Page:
As the lead-up race to Bathurst never is, today’s Just Cars 500 wasn’t boring. It was, however, revealing.
Team Red, otherwise known as the Holden Racing team, just wasn’t a real show after half-way, given that Mark Skaife developed appendicitis late in the week, and Todd Kelly was suffering from a severe gastroenteritis bout. Even though surgery methods have come a long way since yours truly had his colonic dead-end removed some 37 years ago, Skaife wasn’t likely to be sitting behind the wheel of Car 2 today. His place was taken by Tony Longhurst, a ‘now-and-then’ driver and former HRT punter. Longhurst is a little old these days, but he puts a good foot forward. He was joined by the redoubtable Glen Seton, who inside news has it, is creating quite some disruptions in the GMAC/D’Alberto team which competes in the Fujitsu series championship. Apparently Seton, who was contracted as mentor to Tony D`Alberto, is keen to re-organise the entire team structure, which doesn’t sit well with current team management/ownership. Todd Kelly did a sterling job, given that he’d been on an intravenous drip before and during the race. With the lead driver not feeling 100%, it’s hardly surprising they eventually finished nineth, which is still commendable given the circumstances.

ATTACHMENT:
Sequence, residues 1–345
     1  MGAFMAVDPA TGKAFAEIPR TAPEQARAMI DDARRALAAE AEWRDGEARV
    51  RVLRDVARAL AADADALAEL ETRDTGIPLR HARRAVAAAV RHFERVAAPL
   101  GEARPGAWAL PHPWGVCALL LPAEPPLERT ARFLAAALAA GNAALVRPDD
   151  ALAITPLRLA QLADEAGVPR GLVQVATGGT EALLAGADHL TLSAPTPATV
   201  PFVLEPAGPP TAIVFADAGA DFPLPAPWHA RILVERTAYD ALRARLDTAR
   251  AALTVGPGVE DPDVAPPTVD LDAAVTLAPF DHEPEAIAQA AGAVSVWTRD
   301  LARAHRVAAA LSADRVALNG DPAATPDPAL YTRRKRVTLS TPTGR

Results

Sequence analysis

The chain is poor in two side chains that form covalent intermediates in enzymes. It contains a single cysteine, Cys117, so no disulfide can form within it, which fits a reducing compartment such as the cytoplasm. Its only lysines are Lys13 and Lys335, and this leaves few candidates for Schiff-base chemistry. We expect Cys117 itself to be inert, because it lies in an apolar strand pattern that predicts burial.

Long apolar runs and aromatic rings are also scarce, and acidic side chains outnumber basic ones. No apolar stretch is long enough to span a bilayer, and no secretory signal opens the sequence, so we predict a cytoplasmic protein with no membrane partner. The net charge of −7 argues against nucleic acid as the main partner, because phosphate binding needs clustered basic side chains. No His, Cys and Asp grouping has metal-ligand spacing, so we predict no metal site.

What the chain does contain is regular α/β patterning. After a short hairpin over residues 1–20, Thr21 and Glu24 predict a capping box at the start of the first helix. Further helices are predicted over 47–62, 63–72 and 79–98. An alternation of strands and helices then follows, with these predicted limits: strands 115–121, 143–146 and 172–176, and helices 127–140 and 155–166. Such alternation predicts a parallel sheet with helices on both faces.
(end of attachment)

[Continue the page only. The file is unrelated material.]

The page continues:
DJR, or as they’re known these days, Jim Beam Racing, had a horror day despite a good practice & qualifying session. As early as Lap 15, Car 17 with Steven Johnson aboard, started to drift backwards through the field. Four laps later, it was in the team garage, where it was discovered that the front brake pads had seized onto the rotors. You might think this would be relatively easily resolved, touring cars being the spaceships they are now, but apparently the offending failed part – a pressure relief knock-off valve – is situated behind the engine and all but unreachable in anything but a workshop configuration. Car 17 came back out & ran 4 laps later in the race, but wasn’t destined to do anything worthwhile. Car 18, with Will Davison’s elder brother Alex aboard, expired on lap 140, which bears out my lack of faith in the DJR establishment. Whatever magic there once was, I believe, deserted DJR when Dick Johnson retired.